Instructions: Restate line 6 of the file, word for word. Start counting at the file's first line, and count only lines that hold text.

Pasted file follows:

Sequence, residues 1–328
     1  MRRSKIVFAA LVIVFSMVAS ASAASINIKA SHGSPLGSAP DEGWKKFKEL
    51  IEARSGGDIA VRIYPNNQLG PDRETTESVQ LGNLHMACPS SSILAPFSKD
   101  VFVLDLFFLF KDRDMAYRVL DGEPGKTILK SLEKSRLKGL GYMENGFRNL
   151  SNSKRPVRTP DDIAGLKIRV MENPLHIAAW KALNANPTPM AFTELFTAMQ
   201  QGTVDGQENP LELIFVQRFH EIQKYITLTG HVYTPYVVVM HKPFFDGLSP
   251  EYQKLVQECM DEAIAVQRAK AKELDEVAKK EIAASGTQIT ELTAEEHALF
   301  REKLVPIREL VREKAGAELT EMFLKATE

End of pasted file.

   201  QGTVDGQENP LELIFVQRFH EIQKYITLTG HVYTPYVVVM HKPFFDGLSP